LA NOT going Open Source?

Back in February we applauded Councilmembers Eric Garcetti, Wendy Greuel and Jack Weiss when they announced a plan to convert much of the cities software to Open Source. This was an amazing and forward thinking move that was noticed by a lot of people. Well, I haven’t heard much about it since and just got an e-mail basically saying that Eric Garcetti is no longer on the committee and that the plan has been scrapped by the new people in charge – with what appears to be no research into the situation at all.

The extended entry of this post contains an e-mail sent from Linux advocate Robin Rowe to the new Council Chair Janice Hahn’s legislative director Jenny Chavez and is packed full of info and details. This not was sent to me and a hand full of other people this morning, perhaps in efforts to get the word out about the program scrappage. Keep reading for more.

To: “Jenny Chavez”
From: “Robin Rowe”


Thank you for meeting with me last week so I could brief you on
opportunities for the city to realize cost savings through Open Source
Software (OSS) and Linux. I hope you are able to bring the relevant facts to
the new ITGS chair Janice Hahn. You said you would wait to proceed until a
report from ITA was in committee, but since speaking to you I’ve found out
that a report has already been filed:

Although this report is dated March 17th, nobody from the city had told me
it existed until now. You may not have seen it either. I know you’re busy so
allow me to highlight what the report says.

The city is using open source software now, but ITA doesn’t think Linux can
save any money. From the report, “Due to the way operating systems are
licensed, there has not been any cost savings in using Linux and ITA would
not expect there to be cost savings in the future.” This opinion stands in
contrast to the experience of the City of Garden Grove that saved over $300k
in their conversion to Linux. Of 37 city departments that ITA surveyed, 22%
reported open source usage. (The number stated in the report is actually
negative — as 78% not using open source.) The report further states, “Linux
is used by 3 Departments with 2 additional Departments in the process of
evaluating its use.”

The stated recommendation of the report is that, “ITA work with the Mayor,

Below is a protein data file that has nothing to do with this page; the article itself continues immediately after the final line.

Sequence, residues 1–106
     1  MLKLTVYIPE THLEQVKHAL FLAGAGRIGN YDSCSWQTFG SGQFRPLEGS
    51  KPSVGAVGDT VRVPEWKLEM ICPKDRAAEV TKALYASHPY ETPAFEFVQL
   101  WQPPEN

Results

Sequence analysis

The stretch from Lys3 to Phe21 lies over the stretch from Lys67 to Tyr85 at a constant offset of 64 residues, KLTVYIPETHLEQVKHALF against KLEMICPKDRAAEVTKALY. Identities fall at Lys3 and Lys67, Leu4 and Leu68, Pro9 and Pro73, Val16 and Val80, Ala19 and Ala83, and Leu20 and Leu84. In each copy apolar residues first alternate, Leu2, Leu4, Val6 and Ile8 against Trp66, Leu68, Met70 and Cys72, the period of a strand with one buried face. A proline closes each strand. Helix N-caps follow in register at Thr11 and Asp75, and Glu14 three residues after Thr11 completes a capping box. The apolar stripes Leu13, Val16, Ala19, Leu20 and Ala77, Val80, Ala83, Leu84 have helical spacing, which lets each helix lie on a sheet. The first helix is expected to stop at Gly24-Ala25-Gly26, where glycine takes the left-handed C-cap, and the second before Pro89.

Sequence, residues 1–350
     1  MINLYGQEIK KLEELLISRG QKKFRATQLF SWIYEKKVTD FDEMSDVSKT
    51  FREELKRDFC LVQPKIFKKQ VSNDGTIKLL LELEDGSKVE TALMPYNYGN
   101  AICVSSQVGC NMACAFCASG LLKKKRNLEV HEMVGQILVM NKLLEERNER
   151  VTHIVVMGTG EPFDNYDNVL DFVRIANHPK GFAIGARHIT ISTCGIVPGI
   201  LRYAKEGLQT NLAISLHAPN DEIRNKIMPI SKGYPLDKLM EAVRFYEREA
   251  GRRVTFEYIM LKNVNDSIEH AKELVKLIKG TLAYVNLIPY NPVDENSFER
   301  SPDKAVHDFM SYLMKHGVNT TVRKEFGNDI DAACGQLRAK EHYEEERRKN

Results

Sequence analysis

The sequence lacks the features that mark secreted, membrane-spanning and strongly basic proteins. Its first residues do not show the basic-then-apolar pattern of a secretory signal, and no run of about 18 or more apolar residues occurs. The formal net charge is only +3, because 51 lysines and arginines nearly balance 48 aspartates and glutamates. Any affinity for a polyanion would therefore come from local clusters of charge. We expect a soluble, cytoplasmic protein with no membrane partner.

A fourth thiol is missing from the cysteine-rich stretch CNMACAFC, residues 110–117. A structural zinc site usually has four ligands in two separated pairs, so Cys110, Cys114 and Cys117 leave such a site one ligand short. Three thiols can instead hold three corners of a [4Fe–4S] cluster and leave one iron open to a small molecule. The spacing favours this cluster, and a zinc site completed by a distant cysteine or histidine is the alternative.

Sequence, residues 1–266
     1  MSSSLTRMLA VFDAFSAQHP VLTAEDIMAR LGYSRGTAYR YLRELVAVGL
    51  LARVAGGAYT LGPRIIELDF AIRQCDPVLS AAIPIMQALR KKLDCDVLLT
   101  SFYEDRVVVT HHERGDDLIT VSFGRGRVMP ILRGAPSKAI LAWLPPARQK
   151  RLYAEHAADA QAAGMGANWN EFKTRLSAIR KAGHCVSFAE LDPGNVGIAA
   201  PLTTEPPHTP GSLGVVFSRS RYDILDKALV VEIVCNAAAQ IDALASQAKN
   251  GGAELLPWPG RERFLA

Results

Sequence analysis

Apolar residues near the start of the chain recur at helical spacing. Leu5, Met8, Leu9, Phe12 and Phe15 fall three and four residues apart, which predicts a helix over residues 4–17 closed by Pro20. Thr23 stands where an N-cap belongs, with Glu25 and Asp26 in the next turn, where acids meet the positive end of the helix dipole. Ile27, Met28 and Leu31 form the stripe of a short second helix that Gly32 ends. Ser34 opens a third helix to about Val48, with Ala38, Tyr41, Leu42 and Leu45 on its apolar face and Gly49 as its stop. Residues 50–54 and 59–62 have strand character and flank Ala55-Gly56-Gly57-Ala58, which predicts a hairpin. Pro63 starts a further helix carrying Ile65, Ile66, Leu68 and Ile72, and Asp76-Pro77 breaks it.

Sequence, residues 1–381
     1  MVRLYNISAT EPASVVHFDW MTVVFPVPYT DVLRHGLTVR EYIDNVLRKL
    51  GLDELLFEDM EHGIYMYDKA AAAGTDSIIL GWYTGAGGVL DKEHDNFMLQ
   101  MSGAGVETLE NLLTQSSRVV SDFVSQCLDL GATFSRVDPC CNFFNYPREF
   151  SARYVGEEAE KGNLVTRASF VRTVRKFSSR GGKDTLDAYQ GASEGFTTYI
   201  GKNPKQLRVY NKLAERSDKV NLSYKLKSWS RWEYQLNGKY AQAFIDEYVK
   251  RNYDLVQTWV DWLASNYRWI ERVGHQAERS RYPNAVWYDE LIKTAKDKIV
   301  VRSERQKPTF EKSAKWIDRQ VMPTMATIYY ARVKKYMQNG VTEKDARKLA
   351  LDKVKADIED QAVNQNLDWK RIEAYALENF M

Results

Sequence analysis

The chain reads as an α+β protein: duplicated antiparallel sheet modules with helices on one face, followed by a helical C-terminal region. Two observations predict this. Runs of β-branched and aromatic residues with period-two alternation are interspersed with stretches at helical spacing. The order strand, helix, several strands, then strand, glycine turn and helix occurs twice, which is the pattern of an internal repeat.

City Council, and City Departments to identify specific pilot projects in
which to evaluate whether there would be cost savings.” As you know, the OSS
pilot project ITA has recommended and has underway is limited to a few
copies of OpenOffice for Windows. This plan seems to differ from the
ambitious goals outlined in the ITGS press release of February 2, 2005, and
the ITGS motion itself:

Speaking of Garden Grove, I heard today from City of Garden Grove IS Manager
Charles Kalil. He says, “We continue to use and have success with OSS.” He
says that his whitepaper is a bit dated now, but still shows how extensively
they use OSS:

You’ve said that ITGS is too busy with more pressing matters to give OSS
much attention before November. I was invited to speak as an OSS expert at a
city hall hearing on February 22nd, 2005. Many in the open source community
have been waiting since February to hear how the City of Los Angeles is
proceeding with its open source initiative. I’ll let everyone know about the
city’s IT department report and progress to date.

Thanks for your interest Jenny.

——————————————————————- – Motion picture technology and Linux

5 thoughts on “LA NOT going Open Source?”

  1. This defies logic. Therefore, Occam’s Razor suggests that someone is getting paid.

    Does anyone want to follow the money from soe councilmember (certainly NOT Eric Garcetti, who is awesome to the max) to Microsoft? Or maybe Sun?

  2. Sean’s suggesting a bias I don’t have in calling me a “Linux Advocate”. And, no plan has been officially scrapped or even been changed that I can see. The city council tasked the IT department to study OSS to look for innovative ways to cut the IT budget. If IT succeeds at finding any savings the reward will be a funding cut to give the money to another department (police). This is the same plan put in motion in February and makes the same sense today as it did then.

  3. I hardly think I’m suggesting a bias. You have a website called that seems to be advocating the use of Linux – regardless anyone who has a website with a brand name in it that isn’t followed by the word “sucks” could be considered an advocate.

  4. Sean, whether you’re mislabelled me is hardly the material point. The council could have ordered budget cuts and compelled IT to move to OSS in February. By passing a motion to study OSS by the department least likely to embrace it, some politicians have had the benefit of positive PR without really doing anything.

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